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    Thursday, July 18, 2024

    Reliance Health dedicates new program center in Norwich

    Norwich — Nearly 100 people gathered at the junction of Main and Cliff streets Thursday evening, at times blocking traffic and bringing even more people curious about what was happening into the crowd to watch the grand opening and dedication of Reliance Health’s new program headquarters.

    Reliance Health Inc. purchased the former Sears department store building at 2-6 Cliff St. a year ago for $2.3 million to both consolidate and expand its major service and educational programs. The purchase was part of the agency’s transition from its emphasis on housing for people with mental illness to a health services agency to meet a broader range of clients’ needs.

    Staff, wearing T-shirts with the letters “LOVE” in block format on the front and the words “Love is a Medical Necessity,” gave tours of the three-story building that also still houses the Veterans’ Center and state parole offices as rental tenants.

    Offices, lounges and conference rooms are on the first floor. The Teamworks program, described by program director Mike Doyle as a psycho-social rehabilitation program with 160 clients, and the group recovery Penobscot program with 55 participants, are on the second floor. The programs share a new “teaching kitchen” that teaches clients how to cook health meals on a budget, Doyle said.

    Career services, supportive education, supportive housing and supportive living programs occupy the third floor.

    In all, 90 Reliance Health employees previously housed in the agency’s other buildings have moved into the new space.

    Reliance Health Executive Director David Burnett said renovations are not quite complete, with rooms that still need paint and other rooms not yet ready to be occupied. The 9,000-square-foot basement remains untouched. Burnett told the crowd the plan is to create a wellness center there, with yoga classes and other services.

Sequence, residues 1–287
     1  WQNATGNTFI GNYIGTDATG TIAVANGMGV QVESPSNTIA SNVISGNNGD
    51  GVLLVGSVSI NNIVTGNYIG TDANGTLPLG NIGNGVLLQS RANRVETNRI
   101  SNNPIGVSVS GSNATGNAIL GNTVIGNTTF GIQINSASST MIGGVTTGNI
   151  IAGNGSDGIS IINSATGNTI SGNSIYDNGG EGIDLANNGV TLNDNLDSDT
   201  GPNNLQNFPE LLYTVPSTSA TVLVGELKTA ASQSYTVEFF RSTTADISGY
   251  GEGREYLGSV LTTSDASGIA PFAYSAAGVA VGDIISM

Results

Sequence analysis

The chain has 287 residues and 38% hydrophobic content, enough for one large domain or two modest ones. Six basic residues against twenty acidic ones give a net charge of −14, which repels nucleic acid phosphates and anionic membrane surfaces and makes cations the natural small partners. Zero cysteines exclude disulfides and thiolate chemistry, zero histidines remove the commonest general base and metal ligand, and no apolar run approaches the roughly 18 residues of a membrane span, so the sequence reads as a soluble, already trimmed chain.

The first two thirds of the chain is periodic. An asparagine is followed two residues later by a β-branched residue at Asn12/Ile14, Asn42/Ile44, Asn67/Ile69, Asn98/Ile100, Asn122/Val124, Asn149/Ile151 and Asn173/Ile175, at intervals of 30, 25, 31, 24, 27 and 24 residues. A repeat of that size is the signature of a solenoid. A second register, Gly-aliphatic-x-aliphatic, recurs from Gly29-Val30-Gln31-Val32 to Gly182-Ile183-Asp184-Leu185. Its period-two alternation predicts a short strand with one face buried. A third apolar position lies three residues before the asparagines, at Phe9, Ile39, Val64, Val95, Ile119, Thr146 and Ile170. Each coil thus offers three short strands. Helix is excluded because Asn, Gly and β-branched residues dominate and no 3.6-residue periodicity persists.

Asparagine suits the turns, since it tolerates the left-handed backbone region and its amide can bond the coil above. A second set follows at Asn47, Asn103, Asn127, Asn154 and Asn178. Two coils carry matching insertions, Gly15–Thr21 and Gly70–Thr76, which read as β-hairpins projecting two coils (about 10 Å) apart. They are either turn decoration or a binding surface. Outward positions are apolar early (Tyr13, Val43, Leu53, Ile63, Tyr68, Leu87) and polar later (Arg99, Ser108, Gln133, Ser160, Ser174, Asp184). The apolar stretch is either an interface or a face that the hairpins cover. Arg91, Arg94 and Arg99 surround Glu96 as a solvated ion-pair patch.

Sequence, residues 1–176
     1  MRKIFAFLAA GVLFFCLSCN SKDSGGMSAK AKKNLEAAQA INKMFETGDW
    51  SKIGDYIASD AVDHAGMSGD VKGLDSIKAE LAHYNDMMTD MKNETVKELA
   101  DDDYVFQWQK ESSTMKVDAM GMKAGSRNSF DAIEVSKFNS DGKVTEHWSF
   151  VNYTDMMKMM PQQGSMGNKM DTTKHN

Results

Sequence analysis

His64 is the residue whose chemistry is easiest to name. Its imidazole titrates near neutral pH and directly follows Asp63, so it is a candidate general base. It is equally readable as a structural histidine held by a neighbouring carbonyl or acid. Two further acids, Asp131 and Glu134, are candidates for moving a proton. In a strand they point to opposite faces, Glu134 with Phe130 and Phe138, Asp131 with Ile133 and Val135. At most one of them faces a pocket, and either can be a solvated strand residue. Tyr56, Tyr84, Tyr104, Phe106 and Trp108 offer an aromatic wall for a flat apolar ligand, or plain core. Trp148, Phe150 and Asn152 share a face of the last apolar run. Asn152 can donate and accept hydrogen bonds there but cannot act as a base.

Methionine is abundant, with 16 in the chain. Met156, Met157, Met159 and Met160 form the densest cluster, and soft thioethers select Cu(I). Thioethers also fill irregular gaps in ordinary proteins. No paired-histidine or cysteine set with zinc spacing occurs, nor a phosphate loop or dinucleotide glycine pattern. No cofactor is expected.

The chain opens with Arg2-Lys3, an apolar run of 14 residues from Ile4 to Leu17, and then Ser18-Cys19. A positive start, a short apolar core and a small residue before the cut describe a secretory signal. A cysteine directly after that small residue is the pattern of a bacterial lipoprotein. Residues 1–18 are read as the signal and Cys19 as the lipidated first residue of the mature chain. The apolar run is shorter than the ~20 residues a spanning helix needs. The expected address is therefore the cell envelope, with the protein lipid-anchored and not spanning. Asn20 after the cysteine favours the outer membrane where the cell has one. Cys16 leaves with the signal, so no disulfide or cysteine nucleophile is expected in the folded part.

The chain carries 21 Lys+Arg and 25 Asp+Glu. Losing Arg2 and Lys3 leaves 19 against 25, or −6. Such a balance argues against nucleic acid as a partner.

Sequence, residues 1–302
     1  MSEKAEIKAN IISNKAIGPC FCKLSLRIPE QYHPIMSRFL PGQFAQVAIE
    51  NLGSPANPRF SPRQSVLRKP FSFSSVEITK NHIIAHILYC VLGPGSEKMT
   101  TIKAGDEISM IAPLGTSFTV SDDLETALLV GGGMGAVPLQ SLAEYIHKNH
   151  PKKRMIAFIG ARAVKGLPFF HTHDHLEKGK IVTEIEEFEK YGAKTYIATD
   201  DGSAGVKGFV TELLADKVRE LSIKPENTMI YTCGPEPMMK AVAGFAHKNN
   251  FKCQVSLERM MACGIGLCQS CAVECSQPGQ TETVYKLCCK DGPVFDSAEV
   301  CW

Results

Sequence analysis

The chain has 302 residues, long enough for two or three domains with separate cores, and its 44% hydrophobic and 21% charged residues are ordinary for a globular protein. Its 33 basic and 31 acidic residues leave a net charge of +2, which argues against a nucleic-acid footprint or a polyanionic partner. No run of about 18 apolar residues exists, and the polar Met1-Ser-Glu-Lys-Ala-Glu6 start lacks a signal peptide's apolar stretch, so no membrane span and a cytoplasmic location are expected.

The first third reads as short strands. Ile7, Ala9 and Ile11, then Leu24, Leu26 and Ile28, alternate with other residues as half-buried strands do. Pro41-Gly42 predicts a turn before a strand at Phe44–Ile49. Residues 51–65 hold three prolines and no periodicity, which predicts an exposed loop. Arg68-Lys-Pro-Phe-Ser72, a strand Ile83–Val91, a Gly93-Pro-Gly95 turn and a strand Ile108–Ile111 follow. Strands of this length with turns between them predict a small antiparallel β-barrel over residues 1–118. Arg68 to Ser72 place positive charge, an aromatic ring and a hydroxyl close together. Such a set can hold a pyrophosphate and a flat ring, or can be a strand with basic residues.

With the opening, which has occurred gradually over the past several months, Reliance Health has placed the former Teamworks facility at 124 Laurel Hill Ave. on the market. A second building at 40 Main St. will be put up for sale soon.

    The agency’s homeless shelter on Penobscot Street will remain open, said Sue Caplet, Reliance Health property manager.

    After the tours, Reliance Health staff ushered the crowd onto the street to formally dedicate the former Sears store as the Morosky Building, named for the founder of what was first called The Leisure Center in 1978. Morosky and a group of other human services advocates hired Burnett as its first and only employee at the start.

    Morosky’s widow, Jane Morosky, accepted a proclamation from Mayor Peter Nystrom for Morosky's lifelong dedication to human services and to improving the Norwich community.

    “John was a gentle, very wise and comforting mentor for me and others,” Burnett said.

    Jane Morosky said she was very grateful for the tribute to her husband, and that the building that bears his name was the former Sears building, where his mother worked for years in the cafeteria.

    “John’s gentle, loving leadership was the foundation for which Reliance Health was built,” the building plaque states. “His vision was to do the right thing in every encounter, with every person. When in John’s company, there was an essence of trust, acceptance, respect, support and encouragement.”


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